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SCOTUS Declines to Hear Challenge to Public Funding of Planned Parenthood

Planned Parenthood activists protest outside the Supreme Court in Washington, D.C., June 28, 2017. (Joshua Roberts/Reuters )

The Supreme Court on Monday declined to review lower-court rulings that prevented pro-life activists in two states from ending public funding for Planned Parenthood.

Conservative justices Clarence Thomas, Neil Gorsuch, and Samuel Alito voted in favor of taking up the challenge, but fellow conservatives John Roberts and Brett Kavanaugh voted against, depriving their colleagues of the four votes required to review a case.

The cases in question pertain to whether a Medicaid recipient who relies on Planned Parenthood for health services has the right to challenge her state’s decision to defund the organization. To date, state courts in Kansas and Louisiana have found that states violate federal law by depriving Planned Parenthood affiliates of Medicaid funding solely because they provide abortions.

Thomas, in his dissent, argued that the court should have taken up the case but was prevented from doing so by the politically charged atmosphere surrounding abortion.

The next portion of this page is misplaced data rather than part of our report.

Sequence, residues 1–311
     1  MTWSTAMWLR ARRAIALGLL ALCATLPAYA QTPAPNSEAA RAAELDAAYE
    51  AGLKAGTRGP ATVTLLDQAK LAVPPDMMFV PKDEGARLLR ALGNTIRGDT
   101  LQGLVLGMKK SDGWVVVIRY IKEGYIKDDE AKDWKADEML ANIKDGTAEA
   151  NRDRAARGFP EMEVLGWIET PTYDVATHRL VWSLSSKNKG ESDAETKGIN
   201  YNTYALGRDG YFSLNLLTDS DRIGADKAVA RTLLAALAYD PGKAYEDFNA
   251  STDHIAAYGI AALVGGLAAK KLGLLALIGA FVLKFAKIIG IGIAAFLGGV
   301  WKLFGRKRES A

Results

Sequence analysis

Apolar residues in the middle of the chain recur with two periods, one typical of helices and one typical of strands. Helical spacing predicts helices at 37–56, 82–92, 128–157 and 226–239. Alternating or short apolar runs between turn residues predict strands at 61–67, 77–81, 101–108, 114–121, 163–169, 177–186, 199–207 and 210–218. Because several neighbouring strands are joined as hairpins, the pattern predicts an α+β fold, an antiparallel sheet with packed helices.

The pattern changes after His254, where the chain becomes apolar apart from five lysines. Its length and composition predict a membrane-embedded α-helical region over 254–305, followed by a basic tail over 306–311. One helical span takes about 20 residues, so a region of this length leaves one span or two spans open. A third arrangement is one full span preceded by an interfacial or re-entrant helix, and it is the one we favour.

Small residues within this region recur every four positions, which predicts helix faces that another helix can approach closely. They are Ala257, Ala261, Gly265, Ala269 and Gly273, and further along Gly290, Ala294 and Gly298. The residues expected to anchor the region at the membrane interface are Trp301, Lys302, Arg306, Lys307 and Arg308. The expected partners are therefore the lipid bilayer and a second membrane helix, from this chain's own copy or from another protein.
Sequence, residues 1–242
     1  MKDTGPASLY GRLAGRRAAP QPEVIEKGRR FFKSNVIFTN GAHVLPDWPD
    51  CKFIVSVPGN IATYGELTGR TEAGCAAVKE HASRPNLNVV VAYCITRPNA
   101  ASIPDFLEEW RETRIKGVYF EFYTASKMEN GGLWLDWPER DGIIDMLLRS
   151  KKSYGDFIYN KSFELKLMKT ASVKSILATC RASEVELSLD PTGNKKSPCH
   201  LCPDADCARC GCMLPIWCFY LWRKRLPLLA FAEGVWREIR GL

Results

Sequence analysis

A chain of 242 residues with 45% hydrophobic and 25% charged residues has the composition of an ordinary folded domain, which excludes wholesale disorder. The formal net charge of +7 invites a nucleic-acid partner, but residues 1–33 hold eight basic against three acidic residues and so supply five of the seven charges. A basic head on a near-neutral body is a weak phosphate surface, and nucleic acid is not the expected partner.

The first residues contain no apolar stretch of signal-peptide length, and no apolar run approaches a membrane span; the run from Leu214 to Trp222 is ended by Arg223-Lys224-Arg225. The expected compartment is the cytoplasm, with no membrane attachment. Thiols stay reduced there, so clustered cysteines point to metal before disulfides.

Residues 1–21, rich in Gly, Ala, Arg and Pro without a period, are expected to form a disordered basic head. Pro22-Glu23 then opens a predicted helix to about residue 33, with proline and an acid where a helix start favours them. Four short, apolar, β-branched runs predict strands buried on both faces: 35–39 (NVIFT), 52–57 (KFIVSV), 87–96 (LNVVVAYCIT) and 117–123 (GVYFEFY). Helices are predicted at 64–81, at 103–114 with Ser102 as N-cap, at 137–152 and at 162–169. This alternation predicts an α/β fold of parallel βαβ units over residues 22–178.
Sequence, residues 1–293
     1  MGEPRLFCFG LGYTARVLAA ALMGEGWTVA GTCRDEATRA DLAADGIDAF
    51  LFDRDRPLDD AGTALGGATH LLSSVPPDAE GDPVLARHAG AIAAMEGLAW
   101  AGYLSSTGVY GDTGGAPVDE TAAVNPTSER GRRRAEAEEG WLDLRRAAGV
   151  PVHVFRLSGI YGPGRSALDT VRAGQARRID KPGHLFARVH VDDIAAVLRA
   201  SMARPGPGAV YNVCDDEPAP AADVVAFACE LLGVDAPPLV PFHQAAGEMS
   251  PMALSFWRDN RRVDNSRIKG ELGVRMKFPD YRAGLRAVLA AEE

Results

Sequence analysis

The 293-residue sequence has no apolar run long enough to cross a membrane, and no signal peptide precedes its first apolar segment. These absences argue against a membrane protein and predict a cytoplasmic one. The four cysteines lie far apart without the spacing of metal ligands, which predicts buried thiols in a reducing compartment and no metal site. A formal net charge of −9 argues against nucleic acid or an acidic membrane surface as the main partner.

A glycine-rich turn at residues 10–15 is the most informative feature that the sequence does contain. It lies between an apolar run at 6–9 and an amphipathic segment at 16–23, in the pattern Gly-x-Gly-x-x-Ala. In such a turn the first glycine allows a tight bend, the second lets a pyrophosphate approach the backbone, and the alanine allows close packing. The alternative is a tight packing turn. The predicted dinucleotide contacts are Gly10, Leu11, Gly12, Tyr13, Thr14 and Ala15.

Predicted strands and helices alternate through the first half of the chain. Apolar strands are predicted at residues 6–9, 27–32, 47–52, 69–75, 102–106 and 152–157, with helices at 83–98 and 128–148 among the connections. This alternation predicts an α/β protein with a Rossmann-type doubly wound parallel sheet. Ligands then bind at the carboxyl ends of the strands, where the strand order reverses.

“What explains the court’s refusal to do its job here? I suspect it has something to do with the fact that some respondents in these cases are named ‘Planned Parenthood,’” Thomas wrote.

Kansas and Louisiana attempted to terminate Medicaid contracts with Planned Parenthood affiliates in 2014 after the publication of hidden-camera videos that showed Planned Parenthood officials discussing the sale of fetal tissue.

Thomas argued that, while the cases do tangentially relate to the question of abortion, at issue is the more basic question of an individual Medicaid recipient’s relationship to her state government.

“It is true that these particular cases arose after several States alleged that Planned Parenthood affiliates had, among other things, engaged in ‘the illegal sale of fetal organs’ and ‘fraudulent billing practices,’ and thus removed Planned Parenthood as a state Medicaid provider,” Thomas wrote. “But these cases are not about abortion rights. They are about private rights of action under the Medicaid Act. Resolving the question presented here would not even affect Planned Parenthood’s ability to challenge the States’ decisions.”

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